I haven’t created any jobs, yet. But I am teaching jr. high girls how to sew in an inner-city after school program. Future employees, maybe? My best jobs were working in factories. I met the most interesting people in those jobs. No sweat….

  11. Elaine says:

    Kathleen, I’m not a DE (not yet, at least), but I’ve been considering hiring some help with my online businesses. But even though I’ve not been diagnosed, I’d bet that my score on an Asperger Syndrome test would be fairly high. From your viewpoint, would hiring be a recipe for disaster? Would it depend on the type of contract/work understanding I had with the person?

    I do believe strongly in what you have outlined above; however, as I get older I also am finally realizing that I likely have very little clue how to get help from other people/employees as an employer. (No, most people don’t know how to do the things that seem relatively easy to me but yes, they do know how to do things I barely even understand that I don’t know, like stay organized in my work areas).

    The only persons I know personally with a higher AS score than me might be my dh and one of my brothers. And after being in public, like at church for a few hours, dh and I head for opposite ends of the house for a few hours to decompress… ;). Luckily we do get back together for meals, etc. lol.

  12. Kathleen says:

    …I’ve been considering hiring some help with my online businesses. But even though I’ve not been diagnosed, I’d bet that my score on an Asperger Syndrome test would be fairly high. From your viewpoint, would hiring be a recipe for disaster? Would it depend on the type of contract/work understanding I had with the person?

    I’m probably the last person of whom to ask these questions. Whether you have a disability or not, you need to hire your weakness. With clients… well… this could be a roundabout motivation for why I wrote a book -specifically to outline the ground rules of a working relationship. Even today it really throws me if a client doesn’t have style numbers or they’re really bad ones. It hijacks everything else I’m doing and derails the whole process. That may sound a little odd but if I don’t have the means to organize the work process itself, I can’t step through it. So, my strategy has to become very selective of those I work with. I don’t think I’m alone in this. I think plenty of contractors share some of these characteristics and with so much competition btwn DEs for contractors, it makes it easy for service providers to say no if somebody doesn’t have their ducks in a row. There’s other work out there that’s not as much hassle.

    …as I get older I also am finally realizing that I likely have very little clue how to get help from other people/employees as an employer.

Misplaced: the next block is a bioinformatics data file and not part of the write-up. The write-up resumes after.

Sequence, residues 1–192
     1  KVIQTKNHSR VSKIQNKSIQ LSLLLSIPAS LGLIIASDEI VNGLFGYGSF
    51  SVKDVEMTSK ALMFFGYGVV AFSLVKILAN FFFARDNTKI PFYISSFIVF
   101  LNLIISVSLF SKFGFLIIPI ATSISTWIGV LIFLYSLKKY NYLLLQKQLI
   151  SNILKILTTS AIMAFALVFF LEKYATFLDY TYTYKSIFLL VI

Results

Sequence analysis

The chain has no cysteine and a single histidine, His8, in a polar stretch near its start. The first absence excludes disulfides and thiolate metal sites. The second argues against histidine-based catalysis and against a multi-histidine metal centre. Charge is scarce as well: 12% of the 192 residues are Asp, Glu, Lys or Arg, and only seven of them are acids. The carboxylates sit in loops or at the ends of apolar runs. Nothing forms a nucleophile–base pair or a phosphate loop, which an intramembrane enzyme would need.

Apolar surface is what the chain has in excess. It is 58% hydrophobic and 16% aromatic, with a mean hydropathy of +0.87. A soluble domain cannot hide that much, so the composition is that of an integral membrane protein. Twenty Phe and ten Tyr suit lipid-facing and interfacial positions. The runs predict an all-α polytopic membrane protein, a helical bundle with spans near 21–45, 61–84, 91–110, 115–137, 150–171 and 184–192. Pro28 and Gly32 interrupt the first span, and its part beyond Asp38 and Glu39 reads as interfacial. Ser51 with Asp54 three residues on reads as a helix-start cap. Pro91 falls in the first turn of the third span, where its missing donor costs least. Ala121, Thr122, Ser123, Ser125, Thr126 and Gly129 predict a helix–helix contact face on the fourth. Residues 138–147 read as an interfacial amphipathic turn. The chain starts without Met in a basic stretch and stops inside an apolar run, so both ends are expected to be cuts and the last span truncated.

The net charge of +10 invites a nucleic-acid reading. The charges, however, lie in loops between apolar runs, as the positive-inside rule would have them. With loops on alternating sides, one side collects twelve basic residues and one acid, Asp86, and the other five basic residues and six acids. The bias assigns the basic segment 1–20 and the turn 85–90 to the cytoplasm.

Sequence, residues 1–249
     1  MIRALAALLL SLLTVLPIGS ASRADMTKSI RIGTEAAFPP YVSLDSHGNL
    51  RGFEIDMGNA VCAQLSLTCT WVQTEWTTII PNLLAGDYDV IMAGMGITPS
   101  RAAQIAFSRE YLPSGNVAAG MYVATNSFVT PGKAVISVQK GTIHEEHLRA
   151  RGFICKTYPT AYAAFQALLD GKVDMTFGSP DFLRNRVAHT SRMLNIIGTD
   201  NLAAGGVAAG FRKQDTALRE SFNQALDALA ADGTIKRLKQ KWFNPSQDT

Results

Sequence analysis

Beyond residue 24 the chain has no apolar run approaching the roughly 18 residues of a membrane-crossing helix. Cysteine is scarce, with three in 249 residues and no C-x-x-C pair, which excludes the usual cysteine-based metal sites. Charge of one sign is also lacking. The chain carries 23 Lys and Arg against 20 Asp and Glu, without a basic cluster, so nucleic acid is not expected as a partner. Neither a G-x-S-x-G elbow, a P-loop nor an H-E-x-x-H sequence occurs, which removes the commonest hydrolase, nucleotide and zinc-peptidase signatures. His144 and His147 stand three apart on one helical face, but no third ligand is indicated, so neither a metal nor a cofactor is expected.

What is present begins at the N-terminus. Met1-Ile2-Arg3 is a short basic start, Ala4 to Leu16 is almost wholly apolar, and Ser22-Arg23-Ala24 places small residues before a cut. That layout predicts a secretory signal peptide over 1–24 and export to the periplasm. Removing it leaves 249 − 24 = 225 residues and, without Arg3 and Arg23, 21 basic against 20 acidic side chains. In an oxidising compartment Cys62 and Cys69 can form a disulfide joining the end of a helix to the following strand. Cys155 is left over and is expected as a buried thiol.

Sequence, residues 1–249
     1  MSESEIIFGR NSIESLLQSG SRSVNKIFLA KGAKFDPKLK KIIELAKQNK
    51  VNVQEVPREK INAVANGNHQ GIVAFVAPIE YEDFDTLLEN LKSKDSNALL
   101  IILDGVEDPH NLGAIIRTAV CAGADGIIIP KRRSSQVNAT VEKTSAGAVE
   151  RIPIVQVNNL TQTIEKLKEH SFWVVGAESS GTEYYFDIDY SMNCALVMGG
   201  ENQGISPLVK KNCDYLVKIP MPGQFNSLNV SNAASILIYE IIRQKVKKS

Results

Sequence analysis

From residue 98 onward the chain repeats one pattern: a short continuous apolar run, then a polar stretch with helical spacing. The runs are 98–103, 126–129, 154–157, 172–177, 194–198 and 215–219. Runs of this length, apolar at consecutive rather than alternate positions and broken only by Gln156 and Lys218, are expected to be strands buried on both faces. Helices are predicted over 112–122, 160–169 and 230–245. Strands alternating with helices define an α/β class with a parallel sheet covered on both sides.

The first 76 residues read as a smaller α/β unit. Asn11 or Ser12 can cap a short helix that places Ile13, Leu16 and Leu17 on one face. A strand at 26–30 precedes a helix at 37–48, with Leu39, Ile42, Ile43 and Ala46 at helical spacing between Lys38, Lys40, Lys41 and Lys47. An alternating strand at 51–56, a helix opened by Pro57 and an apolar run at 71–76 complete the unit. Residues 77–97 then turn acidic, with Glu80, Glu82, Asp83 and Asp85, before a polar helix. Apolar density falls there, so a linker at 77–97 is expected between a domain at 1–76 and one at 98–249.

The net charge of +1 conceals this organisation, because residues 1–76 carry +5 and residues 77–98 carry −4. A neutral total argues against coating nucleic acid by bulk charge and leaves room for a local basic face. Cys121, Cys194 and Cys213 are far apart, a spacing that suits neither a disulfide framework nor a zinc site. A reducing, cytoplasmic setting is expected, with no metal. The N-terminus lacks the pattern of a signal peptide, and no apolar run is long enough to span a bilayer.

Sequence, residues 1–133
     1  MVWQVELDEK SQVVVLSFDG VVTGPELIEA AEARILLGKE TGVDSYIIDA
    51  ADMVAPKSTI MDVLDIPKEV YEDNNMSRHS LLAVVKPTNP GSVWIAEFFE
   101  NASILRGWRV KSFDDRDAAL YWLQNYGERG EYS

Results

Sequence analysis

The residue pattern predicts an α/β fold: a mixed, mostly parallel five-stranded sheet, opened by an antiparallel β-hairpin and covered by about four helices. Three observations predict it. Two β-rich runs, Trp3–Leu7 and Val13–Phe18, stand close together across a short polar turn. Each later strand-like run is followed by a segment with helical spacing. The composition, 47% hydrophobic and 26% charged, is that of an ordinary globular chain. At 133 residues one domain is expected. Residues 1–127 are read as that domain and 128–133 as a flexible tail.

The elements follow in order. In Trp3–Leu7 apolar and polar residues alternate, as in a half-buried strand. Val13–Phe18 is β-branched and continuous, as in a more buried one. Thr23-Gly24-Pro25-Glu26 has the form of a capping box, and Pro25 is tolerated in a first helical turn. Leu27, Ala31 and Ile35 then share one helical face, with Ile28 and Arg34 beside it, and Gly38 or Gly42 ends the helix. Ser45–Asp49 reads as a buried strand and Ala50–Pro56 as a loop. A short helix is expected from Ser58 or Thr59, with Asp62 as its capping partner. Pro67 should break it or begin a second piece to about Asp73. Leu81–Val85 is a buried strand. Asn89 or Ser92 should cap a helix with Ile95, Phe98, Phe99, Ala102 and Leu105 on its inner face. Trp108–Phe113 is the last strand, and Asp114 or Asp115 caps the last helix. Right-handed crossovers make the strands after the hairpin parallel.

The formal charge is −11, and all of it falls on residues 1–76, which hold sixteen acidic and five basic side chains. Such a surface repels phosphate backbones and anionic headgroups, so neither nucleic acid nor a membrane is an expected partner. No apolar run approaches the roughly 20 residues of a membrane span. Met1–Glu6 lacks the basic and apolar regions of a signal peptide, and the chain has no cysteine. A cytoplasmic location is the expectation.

I don’t have employees now but I had four at one point. At that time, we didn’t have a word or a diagnosis to explain my oddities but there was a pattern. If your impairment is significant and whether you work for yourself or someone else, you have to ask for accommodation. That’s what I did with my staff. There were some things that Kathleen just couldn’t do or did poorly. That’s why I hired them. And that’s not to say that I wasn’t diffident about it because I was. Here I am, I’m supposed to be the boss but I’m largely doing what my staff tells me to do. Believe it or not, it can work with the right people. Frankly, I would LOVE to hire a boss (of me) even today. I do not like telling people what to do. I dislike it so much that I think my resentment is sometimes interpreted as annoyance because I don’t like being in that position. That probably explains a lot about some of my posts right there.

    (No, most people don’t know how to do the things that seem relatively easy to me but yes, they do know how to do things I barely even understand that I don’t know, like stay organized in my work areas).

    This is a problem of executive functioning; many autistics are notoriously bad at it. It’s something you learn to live with if you can’t find a boss (of you) to hire. If you do figure a way around it and can effectively teach it to others, you’d be a millionaire. A some time strategy I use is to have a private class. If I know I have people coming in, I have to clean up. That’s probably the real reason I rarely have classes, having to clean up. eek. I should do them monthly to keep me on the straight and narrow. ~sigh~